"What is it, 12 and a half years before it’s irreversible?” Tom Goodman-Hill and I are sitting on a park bench in east London. It’s a glorious day and the unseasonable warmth has prompted thoughts of climate change and the imminent destruction of the planet. “It’s terrifying!” he says. “Waaaargh!”
He performs an actorly shake-out of his features. I’m sure you would recognise them – the pale eyes and red beard – even if the name doesn’t trip off the tongue. The actor has had prominent roles in Humans and Mr Selfridge – mildly exasperated nice guys are a speciality. He has done acclaimed theatre work, too: Spamalot, Enron, Earthquakes... It was during that last production in 2010, Mike Bartlett’s play about climate change and intergenerational conflict, that he met his wife Jessica Raine, a former star of Call the Midwife and more recently in Baptiste. They married in 2015.
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The fact that the relationship spelt the end of his marriage to his first wife, Kerry Bradley, the mother of his two children, and the fact that adultery is the central theme of his new four-part ITV drama, Cheat, might account for Goodman-Hill’s slight twitchiness today. He’s keen to stress how much “fun” Cheat is, which is strange as it’s actually rather dark.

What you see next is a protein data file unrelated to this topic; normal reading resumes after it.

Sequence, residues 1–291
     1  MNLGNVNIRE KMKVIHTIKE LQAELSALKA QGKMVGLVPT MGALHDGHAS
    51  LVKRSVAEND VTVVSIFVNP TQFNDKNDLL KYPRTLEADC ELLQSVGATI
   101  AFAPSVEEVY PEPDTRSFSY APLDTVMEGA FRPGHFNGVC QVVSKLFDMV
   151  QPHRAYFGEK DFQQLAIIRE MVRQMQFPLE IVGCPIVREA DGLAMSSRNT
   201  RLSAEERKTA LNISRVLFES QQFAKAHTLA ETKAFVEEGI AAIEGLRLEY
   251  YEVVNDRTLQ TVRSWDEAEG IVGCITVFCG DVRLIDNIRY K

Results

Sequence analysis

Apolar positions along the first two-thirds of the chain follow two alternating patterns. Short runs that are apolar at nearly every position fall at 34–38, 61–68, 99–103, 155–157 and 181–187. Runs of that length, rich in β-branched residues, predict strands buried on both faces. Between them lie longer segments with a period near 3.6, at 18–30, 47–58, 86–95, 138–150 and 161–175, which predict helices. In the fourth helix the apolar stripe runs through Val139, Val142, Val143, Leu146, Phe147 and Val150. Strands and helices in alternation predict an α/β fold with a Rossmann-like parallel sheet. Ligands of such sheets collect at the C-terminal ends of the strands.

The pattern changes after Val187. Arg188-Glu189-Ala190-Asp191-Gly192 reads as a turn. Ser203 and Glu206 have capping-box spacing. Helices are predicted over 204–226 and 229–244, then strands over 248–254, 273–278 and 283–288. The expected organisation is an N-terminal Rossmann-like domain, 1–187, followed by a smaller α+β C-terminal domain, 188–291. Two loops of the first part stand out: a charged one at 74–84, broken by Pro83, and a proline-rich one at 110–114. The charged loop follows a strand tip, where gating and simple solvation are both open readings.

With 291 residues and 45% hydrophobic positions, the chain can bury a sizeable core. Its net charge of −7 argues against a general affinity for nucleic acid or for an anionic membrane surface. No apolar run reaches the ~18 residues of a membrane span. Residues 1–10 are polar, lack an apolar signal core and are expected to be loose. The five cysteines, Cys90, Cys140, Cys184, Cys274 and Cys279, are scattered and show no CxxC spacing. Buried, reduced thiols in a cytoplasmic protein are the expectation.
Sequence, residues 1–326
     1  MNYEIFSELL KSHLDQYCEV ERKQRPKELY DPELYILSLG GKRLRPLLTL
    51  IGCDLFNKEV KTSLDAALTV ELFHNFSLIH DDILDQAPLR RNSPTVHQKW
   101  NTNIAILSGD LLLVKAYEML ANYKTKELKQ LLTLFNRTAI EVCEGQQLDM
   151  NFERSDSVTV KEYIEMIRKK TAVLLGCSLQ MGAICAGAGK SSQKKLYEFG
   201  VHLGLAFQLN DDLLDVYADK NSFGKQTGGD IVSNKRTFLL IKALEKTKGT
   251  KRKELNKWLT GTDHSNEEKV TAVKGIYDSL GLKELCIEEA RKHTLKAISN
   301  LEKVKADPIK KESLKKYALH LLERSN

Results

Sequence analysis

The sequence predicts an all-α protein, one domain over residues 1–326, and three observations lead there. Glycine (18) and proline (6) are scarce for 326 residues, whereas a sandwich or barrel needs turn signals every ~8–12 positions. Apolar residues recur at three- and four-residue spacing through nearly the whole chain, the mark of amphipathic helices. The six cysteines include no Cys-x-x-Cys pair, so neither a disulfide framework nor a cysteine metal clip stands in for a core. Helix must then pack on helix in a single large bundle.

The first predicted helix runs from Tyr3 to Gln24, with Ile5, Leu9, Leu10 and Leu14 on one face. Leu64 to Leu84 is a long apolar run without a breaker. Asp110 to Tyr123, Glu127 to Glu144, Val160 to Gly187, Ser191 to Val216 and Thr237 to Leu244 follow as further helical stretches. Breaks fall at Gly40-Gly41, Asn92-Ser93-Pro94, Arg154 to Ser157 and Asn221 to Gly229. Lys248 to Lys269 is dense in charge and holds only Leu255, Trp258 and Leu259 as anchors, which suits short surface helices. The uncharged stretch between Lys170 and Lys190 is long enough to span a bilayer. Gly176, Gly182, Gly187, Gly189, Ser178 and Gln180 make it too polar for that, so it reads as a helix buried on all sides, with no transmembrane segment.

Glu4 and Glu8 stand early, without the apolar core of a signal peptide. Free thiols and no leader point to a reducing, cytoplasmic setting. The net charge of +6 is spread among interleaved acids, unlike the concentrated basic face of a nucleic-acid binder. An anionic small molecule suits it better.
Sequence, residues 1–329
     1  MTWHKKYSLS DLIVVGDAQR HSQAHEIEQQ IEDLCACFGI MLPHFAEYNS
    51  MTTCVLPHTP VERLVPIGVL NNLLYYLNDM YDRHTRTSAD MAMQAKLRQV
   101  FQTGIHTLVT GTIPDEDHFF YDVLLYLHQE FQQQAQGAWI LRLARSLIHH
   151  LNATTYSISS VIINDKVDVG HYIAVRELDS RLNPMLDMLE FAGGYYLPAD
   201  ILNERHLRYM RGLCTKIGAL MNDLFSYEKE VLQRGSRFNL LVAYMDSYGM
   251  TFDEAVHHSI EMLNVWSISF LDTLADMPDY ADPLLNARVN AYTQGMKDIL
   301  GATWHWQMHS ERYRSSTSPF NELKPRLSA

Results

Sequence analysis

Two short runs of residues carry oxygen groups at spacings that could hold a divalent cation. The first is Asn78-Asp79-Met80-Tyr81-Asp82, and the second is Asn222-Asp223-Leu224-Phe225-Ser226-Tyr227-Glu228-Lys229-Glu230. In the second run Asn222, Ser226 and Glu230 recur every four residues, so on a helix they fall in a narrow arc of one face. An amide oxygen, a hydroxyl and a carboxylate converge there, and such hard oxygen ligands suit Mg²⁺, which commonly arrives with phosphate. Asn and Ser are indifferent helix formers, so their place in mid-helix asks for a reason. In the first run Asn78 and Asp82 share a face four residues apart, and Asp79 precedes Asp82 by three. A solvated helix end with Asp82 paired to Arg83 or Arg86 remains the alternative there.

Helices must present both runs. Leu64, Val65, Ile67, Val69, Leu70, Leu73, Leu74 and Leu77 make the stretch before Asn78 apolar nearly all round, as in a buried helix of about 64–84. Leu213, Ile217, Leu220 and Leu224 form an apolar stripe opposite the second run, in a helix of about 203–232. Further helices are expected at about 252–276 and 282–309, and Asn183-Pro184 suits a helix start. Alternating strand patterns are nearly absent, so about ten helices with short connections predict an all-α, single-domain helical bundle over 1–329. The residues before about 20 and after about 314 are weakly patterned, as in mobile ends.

“We’re so happy with it,” he says. “It was such a lot of fun to do and, usually, there’s a weird law where the more fun you have, the worse the project turns out!”
ITV has high hopes of the campus thriller, written by newcomer Gaby Hull and directed by Louise Hooper. It opens with sociology lecturer Leah (Katherine Kelly) and student Rose (Molly Windsor of Three Girls) talking to one another through prison glass. Later, we see the body of Leah’s husband Adam (Goodman-Hill) in a morgue. “You don’t know who did it or how or why,” he says. “There are two women facing each other in a prison interview room and you don’t know who pushed whom too far.”